Canadians from coast-to-coast will be very pleased to learn that, as of December 1, 2017, it will no longer be possible for cellphone providers to sell mobile phones and other mobile devices locked on a specific carrier. Not only that, but if you’ve gotten your hands on a locked cellphone, they’ll have to unlock it for you for absolutely no charge at all thanks to the CRTC (Canadian Radio-television and Telecommunications Commission).
According to the CRTC, Bell, Rogers and Telus made over $37 million from cellphone unlocking fees last year alone, which is just absurd. Last year’s cash ins for these same telecom companies through unlocking fees – which are usually around $50 a piece – were 75 percent higher than the year prior.
With unlocking fees and locked phones coming from retailers out of the way, this gives Canadians much more flexibility when buying and selling phones online. Its always been a bit of a struggle selling cellphones in Canada due to the devices themselves being locked to a specific carrier.
All three of the major wireless providers in Canada – Bell, Rogers and Telus – want unlocking fees to stick. Luckily for Canadians, the CRTC has the last word in cases such as this one.
This is a great start, and I’ll admit I’m quite pleased to be writing about this, but I’ll also admit that I won’t be completely satisfied with wireless plans in Canada until our data plan prices drop in price, or our monthly limits get raised. What about a true “unlimited” plan for a decent price? It’s 2017. Let’s get with the program and stop robbing Canadians of their hard earned money.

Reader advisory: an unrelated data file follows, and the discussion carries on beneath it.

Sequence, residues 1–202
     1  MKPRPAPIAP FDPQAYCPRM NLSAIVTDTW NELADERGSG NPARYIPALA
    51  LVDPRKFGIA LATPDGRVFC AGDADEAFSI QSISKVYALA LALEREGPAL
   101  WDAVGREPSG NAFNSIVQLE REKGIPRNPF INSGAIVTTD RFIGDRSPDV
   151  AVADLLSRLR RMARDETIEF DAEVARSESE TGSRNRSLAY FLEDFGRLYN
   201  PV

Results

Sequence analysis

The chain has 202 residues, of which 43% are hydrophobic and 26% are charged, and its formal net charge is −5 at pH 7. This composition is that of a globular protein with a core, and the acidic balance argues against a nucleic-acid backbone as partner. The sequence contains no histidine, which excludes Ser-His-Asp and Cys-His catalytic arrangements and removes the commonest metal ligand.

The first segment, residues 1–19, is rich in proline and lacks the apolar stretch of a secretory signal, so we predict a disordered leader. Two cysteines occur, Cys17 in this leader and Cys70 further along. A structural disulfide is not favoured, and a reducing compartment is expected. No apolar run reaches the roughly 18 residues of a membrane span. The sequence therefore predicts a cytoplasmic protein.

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Fact of the matter is, wireless companies wouldn’t be making as much profit as they were even a decade ago, if they weren’t charging as much for data because Canadians are using the phone call feature on their smartphones much less than they were a decade ago, however data has risen exponentially during that same time period.
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STORY CONTINUES BELOW
It’s a step in the right direction. Let’s just hope that telecom companies don’t try and find other ways to make up that $37 million a year loss.
In conclusion, here’s a little tidbit of information: After converting to Canadian dollars, Canadians pay twice as much for cellphone services as those residing in Australia and the United Kingdom do every month. So, although this story is mostly good news, we do have a bit of a ways yet before we’re paying fair prices for our wireless plans in Canada.
So Rogers, Telus, Bell. Which of you will be the first to impress Canadians with an actual unlimited (as in no usage cap, but also no speed limiter) data plan, for less than $100 a month?
This article was written by Jody Mitoma.